Alien Listening: Voyager’s Golden Record and Music from Earth

Zone Bks. Sept. 2021. 272p. ISBN 9781942130536. $32. MUSIC
This ambitious work opens its inquiry into the nature and meaning of music from an unusual perspective: outer space. The Golden Record (a pair of phonographic records launched with the Voyager 1 and Voyager 2 probes in 1977) becomes the launch pad for a study of music theory and music media that attempts to be truly universal. Chua (music, Univ. of Hong Kong) and Rehding (music, Harvard Univ.) are less interested in speculating about the nature of alien listeners than in examining how positing the very existence an alien listener calls into question assumptions about music theory and music media. After all, what might a music theory look like that owes nothing to Earth-bound cultural assumptions and experiences? How might a being who might not even have ears receive the medium of the Golden Record, to say nothing of the instructions for getting it to produce sound? This intersection of music and science fiction results in soaring explorations into what a universal music theory might look like, deep dives into the experience of music as object through media, and musings on what music is.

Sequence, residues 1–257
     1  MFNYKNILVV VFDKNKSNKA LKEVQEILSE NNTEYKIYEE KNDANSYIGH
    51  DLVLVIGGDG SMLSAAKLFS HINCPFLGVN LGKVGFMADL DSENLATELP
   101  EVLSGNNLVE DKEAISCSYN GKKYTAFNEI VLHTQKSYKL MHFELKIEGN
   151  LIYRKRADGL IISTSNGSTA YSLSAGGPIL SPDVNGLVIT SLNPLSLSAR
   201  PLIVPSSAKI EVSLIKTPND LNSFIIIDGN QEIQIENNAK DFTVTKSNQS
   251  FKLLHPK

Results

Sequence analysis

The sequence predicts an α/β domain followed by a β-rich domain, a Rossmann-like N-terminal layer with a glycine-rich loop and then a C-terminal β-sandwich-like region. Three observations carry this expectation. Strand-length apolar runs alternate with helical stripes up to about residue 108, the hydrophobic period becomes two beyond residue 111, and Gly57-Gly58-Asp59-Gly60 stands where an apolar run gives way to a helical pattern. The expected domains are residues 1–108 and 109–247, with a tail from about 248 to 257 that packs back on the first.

VERDICT Heady stuff, but engaging all the same. For scholars of music and science fiction, and perhaps for some general readers too.
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